Published by Bold Strokes Books on May 14, 2013
Genres: Dystopia, LGBTQ, Science Fiction, Young Adult
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What does it take to survive in a world built on lies?
Sixteen-year-old Rubric loves her pampered life in the Academy dormitory. She’s dating Salmon Jo, a brilliant and unpredictable girl. In their all-female world, non-human slaves called Klons do all the work. But when Rubric and Salmon Jo break into the laboratory where human and Klon babies are grown in vats, they uncover a terrifying secret that tears their idyllic world apart.
Their friends won’t believe them, and their teachers won’t help them. The Doctors who rule Society want to silence Rubric and Salmon Jo. The two girls must flee for their lives. As they face the unthinkable, the only thing they have left to believe in is their love for each other.
From the cover image alone it’s easy to take a stab that this novel is based on the idea of clones, and that is definitely where we start off. In this “utopian” world there are 300 genetic types that are cloned repeatedly in order to populate Society. These are the Swans, a group of women who are given the best of the best and work in a multitude of professions from artist to doctor. But there are also something called Klons, and these are non-human women based on the same genetic types as those women who have been modified to work the manual labour jobs, to raise the children, and in some cases even manage some of the other Klons. The perfect world, right?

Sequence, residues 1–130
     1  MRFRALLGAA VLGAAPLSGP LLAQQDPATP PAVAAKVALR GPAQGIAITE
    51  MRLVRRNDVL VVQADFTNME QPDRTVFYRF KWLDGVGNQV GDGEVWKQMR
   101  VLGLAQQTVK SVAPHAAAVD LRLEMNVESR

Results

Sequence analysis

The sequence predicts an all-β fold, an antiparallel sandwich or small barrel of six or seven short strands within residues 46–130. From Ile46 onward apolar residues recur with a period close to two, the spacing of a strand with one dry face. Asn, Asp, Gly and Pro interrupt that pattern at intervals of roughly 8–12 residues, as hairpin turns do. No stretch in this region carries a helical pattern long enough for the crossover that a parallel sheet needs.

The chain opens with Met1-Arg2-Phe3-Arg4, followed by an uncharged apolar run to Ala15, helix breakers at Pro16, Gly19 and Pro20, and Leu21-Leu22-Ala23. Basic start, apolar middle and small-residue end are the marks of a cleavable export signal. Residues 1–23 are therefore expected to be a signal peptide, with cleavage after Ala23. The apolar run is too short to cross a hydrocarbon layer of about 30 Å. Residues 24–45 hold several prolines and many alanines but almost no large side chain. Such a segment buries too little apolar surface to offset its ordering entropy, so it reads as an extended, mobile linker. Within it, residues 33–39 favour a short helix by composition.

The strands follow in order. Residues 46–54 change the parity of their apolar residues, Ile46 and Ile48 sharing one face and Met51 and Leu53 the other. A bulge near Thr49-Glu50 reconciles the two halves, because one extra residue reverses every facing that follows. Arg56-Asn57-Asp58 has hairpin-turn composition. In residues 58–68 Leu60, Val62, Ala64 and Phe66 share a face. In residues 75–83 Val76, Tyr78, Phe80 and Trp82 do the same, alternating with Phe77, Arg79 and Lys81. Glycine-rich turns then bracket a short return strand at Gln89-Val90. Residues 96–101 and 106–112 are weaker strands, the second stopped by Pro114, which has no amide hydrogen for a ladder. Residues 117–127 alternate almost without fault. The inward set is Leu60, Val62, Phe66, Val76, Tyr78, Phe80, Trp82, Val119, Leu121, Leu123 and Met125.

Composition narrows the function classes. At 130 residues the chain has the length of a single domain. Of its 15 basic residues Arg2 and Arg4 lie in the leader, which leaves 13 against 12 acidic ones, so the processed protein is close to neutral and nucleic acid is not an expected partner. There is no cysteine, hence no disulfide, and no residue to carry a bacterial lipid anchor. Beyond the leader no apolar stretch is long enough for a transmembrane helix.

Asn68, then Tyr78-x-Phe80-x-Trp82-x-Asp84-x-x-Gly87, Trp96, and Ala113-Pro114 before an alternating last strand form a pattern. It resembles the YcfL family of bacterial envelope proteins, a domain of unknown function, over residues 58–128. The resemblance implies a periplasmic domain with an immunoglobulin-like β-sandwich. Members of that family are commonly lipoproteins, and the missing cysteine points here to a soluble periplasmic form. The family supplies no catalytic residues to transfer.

Rubric and her girlfriend Salmon Jo (and can we take a moment to comment on that name? It’s strange and I keep reading about a fish!) break into a laboratory where they discover that their world isn’t nearly as perfect as they had thought, and they decide to take action by rescuing the Klons. These Swans are left with only each other and the Klons they rescue.
This book had such an interesting premise, but unfortunately I felt that it lacked in the execution. For all that it was very short, it felt like I was trudging through in my attempts to finish it. The two main characters are shallow, with Rubric being the worst of them. The most obvious theme of slavery wasn’t touched on more than in passing, the world wasn’t nearly as developed as it needed to be, and there weren’t any real consequences for Rubric and Salmon Jo, let alone the people perpetuating the slavery.
In all honesty, this could have been a much better book than it was, and I was left disappointed at the end of it. I didn’t hate the book, but it really didn’t strike me as anything more than just “okay”.